They Really Are Nuts, These Engine Nuts

By Staff
1 / 7
Six model steam engines owned by Michael Chrabaszcz of Easthampton, Mass.
2 / 7
Harry Ziegler of Sandisfield, Mass.- 'working' models adorn his van
3 / 7
Ernie Darrow of N. Franklin, Conn.-trying to keep warm as he watches over his collection.
4 / 7
Jim Stevens of Valley Falls, NY astride his homemade tractor, powered by a 1 HP Hercules.
5 / 7
Doug Wood's 1 HP London.
6 / 7
Part of Ed Strepka's pump collection. Ed: 'I have 80 more at home; I've been collecting for 17 years.'
7 / 7
All of that came out of that one little pickup truck? Yup! And Weston Ball of Bernardston, Mass, is known among his fellow exhibitors for his ability to stow away more engines in his truck than deemed possible.

3 Washington Street, Brattleboro, Vermont 05301

You may wish to publish this particular article as an
exceedingly biased editorial:

My Premise: As an engine widow/-wife, I have now learned quite
resoundingly what I strongly suspected from the start of my
husband’s interest in this hobby of collecting, restoring and
exhibiting gas and steam engines. Every man, woman and child
involved in this hobby is crazy! My case:

Background: Early in 1987 a small group of men in the
Brattleboro, Vermont area started a new engine club: The Green
Mountain Flywheelers Association. The club’s officers are: Doug
Wood, (pictured on the next page), Steve Howe, vice-president;
Gordon Woffenden, secretary.

Quite ambitiously, this new club sponsored two shows their first
year. The first show was held on a balmy weekend in April of 1987
at a small field adjacent to an antique center just north of
Brattleboro. Twenty-five exhibitors displayed their engines and
enjoyed a pleasant two-day show.

In September of 1987 the Green Mountain Flywheelers held a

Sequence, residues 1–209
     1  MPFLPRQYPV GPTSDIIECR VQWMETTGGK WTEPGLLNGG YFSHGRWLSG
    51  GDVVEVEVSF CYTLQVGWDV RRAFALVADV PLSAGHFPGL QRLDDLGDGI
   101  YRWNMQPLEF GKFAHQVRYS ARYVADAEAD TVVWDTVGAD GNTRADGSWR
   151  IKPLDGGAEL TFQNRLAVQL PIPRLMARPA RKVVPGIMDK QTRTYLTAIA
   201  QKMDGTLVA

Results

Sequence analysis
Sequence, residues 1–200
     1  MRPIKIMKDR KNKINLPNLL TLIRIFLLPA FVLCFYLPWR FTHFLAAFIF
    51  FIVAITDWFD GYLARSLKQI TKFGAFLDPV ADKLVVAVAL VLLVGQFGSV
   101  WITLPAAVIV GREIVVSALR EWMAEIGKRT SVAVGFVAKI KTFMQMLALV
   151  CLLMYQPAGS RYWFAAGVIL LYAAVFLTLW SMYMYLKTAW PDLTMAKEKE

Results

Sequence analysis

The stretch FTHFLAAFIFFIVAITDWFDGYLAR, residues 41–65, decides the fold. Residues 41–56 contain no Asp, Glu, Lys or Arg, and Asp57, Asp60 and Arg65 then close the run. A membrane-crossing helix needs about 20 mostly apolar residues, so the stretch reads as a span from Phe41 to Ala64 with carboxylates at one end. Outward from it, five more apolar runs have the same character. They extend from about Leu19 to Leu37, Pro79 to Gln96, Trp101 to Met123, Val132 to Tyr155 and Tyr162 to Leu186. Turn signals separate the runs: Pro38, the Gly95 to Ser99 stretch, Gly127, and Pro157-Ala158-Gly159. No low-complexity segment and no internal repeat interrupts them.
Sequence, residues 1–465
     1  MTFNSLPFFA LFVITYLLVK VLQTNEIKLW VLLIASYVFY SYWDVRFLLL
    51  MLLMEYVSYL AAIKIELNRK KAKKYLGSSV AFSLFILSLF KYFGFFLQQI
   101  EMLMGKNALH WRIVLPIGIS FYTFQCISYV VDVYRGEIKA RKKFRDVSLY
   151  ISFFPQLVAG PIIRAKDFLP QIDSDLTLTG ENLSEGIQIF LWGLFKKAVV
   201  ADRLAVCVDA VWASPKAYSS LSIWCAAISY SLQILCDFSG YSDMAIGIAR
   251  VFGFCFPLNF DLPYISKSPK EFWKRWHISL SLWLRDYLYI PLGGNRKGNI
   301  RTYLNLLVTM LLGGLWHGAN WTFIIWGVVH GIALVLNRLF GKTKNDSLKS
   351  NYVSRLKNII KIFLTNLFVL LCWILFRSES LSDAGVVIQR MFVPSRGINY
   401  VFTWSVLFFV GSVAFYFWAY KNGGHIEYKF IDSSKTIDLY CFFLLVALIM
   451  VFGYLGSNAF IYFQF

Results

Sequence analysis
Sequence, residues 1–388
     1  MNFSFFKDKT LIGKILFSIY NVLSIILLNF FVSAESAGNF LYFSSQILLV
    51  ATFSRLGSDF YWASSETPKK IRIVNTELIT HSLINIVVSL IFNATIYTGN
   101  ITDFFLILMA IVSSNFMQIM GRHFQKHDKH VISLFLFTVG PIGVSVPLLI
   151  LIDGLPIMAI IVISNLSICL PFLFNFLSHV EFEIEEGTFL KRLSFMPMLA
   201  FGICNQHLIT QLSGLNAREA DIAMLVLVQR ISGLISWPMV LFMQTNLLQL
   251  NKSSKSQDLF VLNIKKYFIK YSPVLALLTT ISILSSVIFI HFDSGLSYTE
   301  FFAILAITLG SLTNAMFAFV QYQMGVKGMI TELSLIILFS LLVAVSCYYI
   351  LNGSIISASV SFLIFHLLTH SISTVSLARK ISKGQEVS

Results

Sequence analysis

second show and doubled the number of exhibitors to fifty-one. The
second show was held at the Guilford Fairgrounds, somewhat off the
beaten path and in competition with many popular local events. Even
so, the response from exhibitors and spectators alike was very
enthusiastic. In addition to gas and steam engines, an antique auto
club from Greenfield, Massachusetts brought cars to display and
there were several old-time tractors as well.

One would have to admit that this is not a bad record for a
first-year club! Though it may be a bit over-zealous for a club to
do TWO shows their first year, I can hear you readers saying to
yourselves that I have not yet made a case for outright nuttiness.
Bear with me:

The Crux of the Matter: In 1988 the club held their April show
on the 16th and 17th. Another Balmy April engine show? You bet!
Only this time it wasn’t the weather that was balmy- it was
these engine nuts! April in Vermont, you see, is somewhat
unpredictable. It can be lovely. It can be-not so lovely.

At my house the first clue of trouble was looking out the window
at 6 a.m. on the morning of the show to see a dark and cloudy sky
spitting snow. Then the chuck wagon man called to say it was
snowing hard where he lived and we weren’t still having the
show, were we? What could we do? We trudged disconsolately up to
the showgrounds. For what? To pick up the stakes? Weep a
little?

They had already begun to arrive, these nuts! Nearly all of them
had traveled through snow. Dick Allen came over the mountains from
Troy, New York. John Tucker came up from Canterbury, Connecticut.
Stan Clem and his wife from Sunapee, New Hampshire just hoped it
wouldn’t be snowing quite so hard in Brattleboro. From
Arlington, Vermont and Leominster, Massachusetts they came; from
Johnsonville, New York and Walpole, New Hampshire. Trudelles from
Marlow, New Hampshire-Larry, Charlotte and daughter Laurie,
collectors all- wouldn’t miss the first show of the season no
matter WHAT the weather! Sixty-one strong they came!

Ironically, though it was snowing all around, nothing
accumulated in Brattleboro and the sun finally broke through.
Though Saturday was bitter cold, Sunday had the warmth of an early
spring day.

Do you begin to see what I mean, though? None of these
exhibitors knew what the weather would be like when they arrived. I
suspect they would have set up even if it HAD been snowing in
Brattleboro. We were only a very small accident of weather away
from THIS picture: exhibitors contentedly settling lawn chairs into
six inches of white stuff, flywheels tossing snowballs in the air,
spouses shivering in truck cabs, passers-by scratching their heads
in bewilderment.

Check it out in April of 1989- that may be just what you see
when the Green Mountain Flywheelers Association holds its next
show!

The accompanying photographs- by Dee. McBride and myself-will
give you some of the highlights of the fine machinery displayed at
the September ’87 and April ’88 shows.

Gas Engine Magazine
Gas Engine Magazine
Preserving the History of Internal Combustion Engines